Methods: 137 adults with idiopathic PD. A generalized linear mixed model with Northwestern Disability Scale score as dependent variable to determine the effect of baseline depression status on disability

    Results: 43 depressed at baseline vs 94 without depression. Symptomatic depression predicted greater disability compared to both never depressed (p=0.0133) and remitted depression (p=0.0009) after controlling for sex, education, dopamine agonist use, and motor fluctuations.

  • Longitudinal impact of depression on disability in PD (Pontone et al 2016)

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  • Antidepressant treatment for PD (Seppi K et al 2019)

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  • APATHY IN PARKINSON’S DISEASE

  • Apathy in Parkinson’s disease

    • May affect more than 1/3 of persons with PD

    • Associated with more severe motor symptoms and cognitive impairment; more likely to be men and older age

    Pagonabarraga et al 2015

  • Apathy vs depression in PD

    Pagonabarraga et al 2015

  • Management of apathy in PD

    • Non-pharmacological interventions -scheduled activities (social and physical) -establish clear and achievable goals -rewards conditional on completion of goals -recruit social support for activities

    • Dopamine agonists and acetylcholinesterase inhibitors (Seppi et al. 2019)

  • Impulse control disorders in Parkinson’s disease

  • Impulse control disorders (ICDs) in PD

    • “An assortment of behaviors performed repetitively, excessively, and with a lack of self-control to an extent that interferes with life functioning”

    • Associated with dopamine agonist medications and other dopamine replacement therapies

  • Impulse control disorders in PD

    • Pathological gambling • Compulsive buying/shopping • Hypersexual behaviors • Binge eating

  • Dopamine dysregulation syndrome

    • Drug addiction-like state marked by self- medication with inappropriately high doses of dopaminergic medications

    • May be more common in early onset PD and males—prevalence 3%-4%

    • Co-occurs with ICDs, psychosis, panic attacks

  • Punding

    • Repetitive, purposeless behaviors, characterized by an intense preoccupation with specific items or activities – collecting, arranging, or taking apart objects

    • Hobbyism – higher level repetitive behaviors, e.g. excessive internet use, reading, art work, work on projects

    Sean S O’Sullivan, Andrew H Evans and Andrew J Lees Practical Neurology 2007;7;397-399

  • EXECUTIVE DYSFUNCTION: MENTAL AND PHYSICAL DISEASE INTERACTION IN PD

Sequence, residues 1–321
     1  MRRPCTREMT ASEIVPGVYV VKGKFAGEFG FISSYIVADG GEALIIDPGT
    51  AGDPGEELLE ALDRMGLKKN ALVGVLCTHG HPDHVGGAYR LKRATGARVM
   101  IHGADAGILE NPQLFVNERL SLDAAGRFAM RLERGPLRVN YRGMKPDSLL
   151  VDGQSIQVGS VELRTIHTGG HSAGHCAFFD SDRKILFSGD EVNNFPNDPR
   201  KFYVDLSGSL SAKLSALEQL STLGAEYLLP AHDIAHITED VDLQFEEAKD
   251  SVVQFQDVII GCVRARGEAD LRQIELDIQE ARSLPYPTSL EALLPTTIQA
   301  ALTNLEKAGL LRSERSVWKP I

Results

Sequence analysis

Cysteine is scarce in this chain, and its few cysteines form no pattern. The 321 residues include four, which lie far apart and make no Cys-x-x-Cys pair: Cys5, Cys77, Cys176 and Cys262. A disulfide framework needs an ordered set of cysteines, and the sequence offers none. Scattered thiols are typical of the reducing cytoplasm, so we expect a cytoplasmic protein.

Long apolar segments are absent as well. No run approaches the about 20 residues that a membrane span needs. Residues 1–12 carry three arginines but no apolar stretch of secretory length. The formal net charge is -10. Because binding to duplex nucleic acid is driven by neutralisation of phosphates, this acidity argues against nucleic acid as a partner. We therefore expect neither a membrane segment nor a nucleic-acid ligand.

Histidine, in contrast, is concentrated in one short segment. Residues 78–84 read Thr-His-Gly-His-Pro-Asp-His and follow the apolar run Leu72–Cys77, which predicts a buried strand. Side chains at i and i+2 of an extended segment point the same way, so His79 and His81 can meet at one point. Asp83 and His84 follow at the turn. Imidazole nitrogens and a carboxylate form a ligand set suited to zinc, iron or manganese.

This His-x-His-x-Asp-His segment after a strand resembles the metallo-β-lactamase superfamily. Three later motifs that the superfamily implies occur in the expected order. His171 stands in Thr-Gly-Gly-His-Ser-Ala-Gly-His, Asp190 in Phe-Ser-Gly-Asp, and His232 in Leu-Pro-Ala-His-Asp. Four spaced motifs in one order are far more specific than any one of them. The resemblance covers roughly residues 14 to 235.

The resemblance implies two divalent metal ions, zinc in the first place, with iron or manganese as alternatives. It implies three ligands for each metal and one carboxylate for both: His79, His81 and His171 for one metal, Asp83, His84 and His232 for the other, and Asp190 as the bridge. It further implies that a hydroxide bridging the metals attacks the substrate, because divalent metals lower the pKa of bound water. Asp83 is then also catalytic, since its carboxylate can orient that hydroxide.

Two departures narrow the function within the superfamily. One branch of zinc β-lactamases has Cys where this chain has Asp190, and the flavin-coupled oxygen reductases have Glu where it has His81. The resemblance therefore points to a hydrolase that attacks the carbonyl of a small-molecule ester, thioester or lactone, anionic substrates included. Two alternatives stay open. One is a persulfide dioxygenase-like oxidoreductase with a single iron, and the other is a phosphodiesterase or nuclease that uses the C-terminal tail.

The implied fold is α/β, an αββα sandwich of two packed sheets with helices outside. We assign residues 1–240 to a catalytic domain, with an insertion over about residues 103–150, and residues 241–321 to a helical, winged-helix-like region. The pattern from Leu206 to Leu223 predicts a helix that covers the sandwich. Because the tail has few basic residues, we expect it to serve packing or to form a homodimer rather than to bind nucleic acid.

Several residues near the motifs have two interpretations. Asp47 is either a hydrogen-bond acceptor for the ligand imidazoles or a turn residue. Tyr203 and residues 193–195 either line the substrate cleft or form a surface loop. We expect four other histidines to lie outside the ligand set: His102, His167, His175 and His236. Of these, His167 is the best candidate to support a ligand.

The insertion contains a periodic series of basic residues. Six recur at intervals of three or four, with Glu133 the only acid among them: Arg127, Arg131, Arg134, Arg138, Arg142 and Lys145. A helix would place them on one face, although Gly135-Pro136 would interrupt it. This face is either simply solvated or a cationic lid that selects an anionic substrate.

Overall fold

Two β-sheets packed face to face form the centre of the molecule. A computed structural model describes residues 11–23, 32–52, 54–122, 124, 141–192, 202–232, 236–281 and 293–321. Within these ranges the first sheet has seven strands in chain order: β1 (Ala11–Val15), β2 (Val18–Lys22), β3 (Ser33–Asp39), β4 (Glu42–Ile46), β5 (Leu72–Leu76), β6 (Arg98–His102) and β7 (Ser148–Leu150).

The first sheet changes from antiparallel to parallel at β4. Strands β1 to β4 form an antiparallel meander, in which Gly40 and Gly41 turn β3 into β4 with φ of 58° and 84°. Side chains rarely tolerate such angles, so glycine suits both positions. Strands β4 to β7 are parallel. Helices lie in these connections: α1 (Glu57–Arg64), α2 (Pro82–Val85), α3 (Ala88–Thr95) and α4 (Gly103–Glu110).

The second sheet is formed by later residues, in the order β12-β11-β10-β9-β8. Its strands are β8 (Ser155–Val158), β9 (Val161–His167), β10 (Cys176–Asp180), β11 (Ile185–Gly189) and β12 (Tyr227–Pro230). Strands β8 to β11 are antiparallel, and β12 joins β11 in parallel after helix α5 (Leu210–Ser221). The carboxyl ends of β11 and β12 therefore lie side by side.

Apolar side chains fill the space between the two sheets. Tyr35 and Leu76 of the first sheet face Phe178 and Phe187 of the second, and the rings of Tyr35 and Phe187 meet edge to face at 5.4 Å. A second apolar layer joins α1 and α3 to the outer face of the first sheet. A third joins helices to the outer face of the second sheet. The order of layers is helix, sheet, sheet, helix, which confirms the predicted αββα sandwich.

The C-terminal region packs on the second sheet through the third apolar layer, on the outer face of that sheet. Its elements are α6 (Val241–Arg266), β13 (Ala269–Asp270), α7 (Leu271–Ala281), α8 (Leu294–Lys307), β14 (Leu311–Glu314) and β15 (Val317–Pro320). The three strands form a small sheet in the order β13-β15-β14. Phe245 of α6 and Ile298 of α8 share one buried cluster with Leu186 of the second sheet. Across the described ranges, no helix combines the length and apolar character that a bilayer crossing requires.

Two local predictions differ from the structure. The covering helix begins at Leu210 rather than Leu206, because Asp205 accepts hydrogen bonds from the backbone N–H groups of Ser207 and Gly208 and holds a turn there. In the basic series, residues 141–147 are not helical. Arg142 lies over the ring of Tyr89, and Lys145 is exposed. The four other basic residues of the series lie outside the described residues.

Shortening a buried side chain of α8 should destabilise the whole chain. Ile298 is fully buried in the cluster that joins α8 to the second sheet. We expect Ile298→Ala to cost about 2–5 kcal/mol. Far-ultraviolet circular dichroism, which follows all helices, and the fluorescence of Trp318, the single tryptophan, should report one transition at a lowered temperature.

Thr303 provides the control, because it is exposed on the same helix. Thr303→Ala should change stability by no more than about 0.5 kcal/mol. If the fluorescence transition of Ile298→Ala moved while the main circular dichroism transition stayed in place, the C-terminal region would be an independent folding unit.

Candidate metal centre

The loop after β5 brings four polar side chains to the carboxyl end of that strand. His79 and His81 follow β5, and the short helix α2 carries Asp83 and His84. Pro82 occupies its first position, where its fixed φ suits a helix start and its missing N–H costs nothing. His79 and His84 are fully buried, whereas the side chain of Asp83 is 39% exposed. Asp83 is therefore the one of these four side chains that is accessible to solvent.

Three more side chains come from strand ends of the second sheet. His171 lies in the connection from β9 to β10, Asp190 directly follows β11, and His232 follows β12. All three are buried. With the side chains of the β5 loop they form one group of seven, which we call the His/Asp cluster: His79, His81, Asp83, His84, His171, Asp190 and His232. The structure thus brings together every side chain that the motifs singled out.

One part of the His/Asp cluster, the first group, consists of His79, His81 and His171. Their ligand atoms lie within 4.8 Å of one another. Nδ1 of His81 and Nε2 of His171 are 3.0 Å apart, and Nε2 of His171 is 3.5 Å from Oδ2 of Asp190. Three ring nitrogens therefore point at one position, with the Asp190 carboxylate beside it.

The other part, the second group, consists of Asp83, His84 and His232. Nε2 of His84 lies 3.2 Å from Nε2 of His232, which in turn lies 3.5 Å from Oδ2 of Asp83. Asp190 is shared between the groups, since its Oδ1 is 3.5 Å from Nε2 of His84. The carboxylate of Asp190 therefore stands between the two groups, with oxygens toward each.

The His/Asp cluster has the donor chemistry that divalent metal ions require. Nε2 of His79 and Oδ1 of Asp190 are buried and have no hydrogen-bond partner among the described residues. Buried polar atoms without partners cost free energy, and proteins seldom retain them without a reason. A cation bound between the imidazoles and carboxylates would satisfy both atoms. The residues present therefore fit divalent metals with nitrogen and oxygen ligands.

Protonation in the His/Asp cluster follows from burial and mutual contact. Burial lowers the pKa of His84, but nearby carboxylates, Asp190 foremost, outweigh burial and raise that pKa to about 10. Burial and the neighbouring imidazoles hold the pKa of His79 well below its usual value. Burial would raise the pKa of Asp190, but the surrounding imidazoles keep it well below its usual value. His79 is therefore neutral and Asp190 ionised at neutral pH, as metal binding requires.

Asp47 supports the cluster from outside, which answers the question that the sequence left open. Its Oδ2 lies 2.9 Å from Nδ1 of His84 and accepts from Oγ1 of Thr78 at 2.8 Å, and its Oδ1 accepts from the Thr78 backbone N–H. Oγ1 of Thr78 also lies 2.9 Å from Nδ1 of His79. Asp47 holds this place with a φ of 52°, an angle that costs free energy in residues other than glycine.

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  • Executive Dysfunction

    • Deficits in initiation, sequencing, planning, and set shifting; impaired mental speed (bradyphrenia)

    • One of the earliest detectible cognitive changes

    Emre et al 2003

  • Influence of Task Demands

    • “Let’s have tea!” Study (Rochester et al, Arch Phys Med Rehab, 2004) – Looked at how attentional demands during an everyday functional

    activity contributes to functional performance and gait disturbances

    • Study • 20 mild to moderate PD, 10 Controls • 4 Tasks

    • Simple walking: Walk to kitchen • Dual-motor: Walk and carry tray • Dual-cognitive: Walk and recall a memory • Multiple motor-cognitive task: Walk, carry tray, and recall a memory

    • Results • Increased task complexity → ↓ gait speed

  • Questions?

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    Cognitive and Psychiatric Aspects of Parkinson’s disease �Greg Pontone, MD, MHS�Director, Parkinson’s Disease Neuropsychiatry Clinic �Johns Hopkins University School of Medicine Disclosures Behavioral aspects of Parkinson’s disease I. Overview of Parkinson’s as a ‘disease’ model for behavioral symptoms��II. Anxiety, depression, and apathy in PD��III. Unusual behaviors in PD Motor symptoms are just the �tip… What causes behavioral changes �in PD? Intersection of mental and physical health in PD Slide Number 8 Prevalence of anxiety and �anxiety disorders in PD First Anxiety Disorder Onset Relative �to PD Onset� Dopaminergic on-off motor fluctuations Dopaminergic medication �on-off fluctuations in PD Mood and motor fluctuation �with levodopa infusion Anxiety fluctuation with �levodopa infusion Evidence based treatments for anxiety in PD Slide Number 16 National Parkinson Foundation Prevalence of Depression in Parkinson’s disease Slide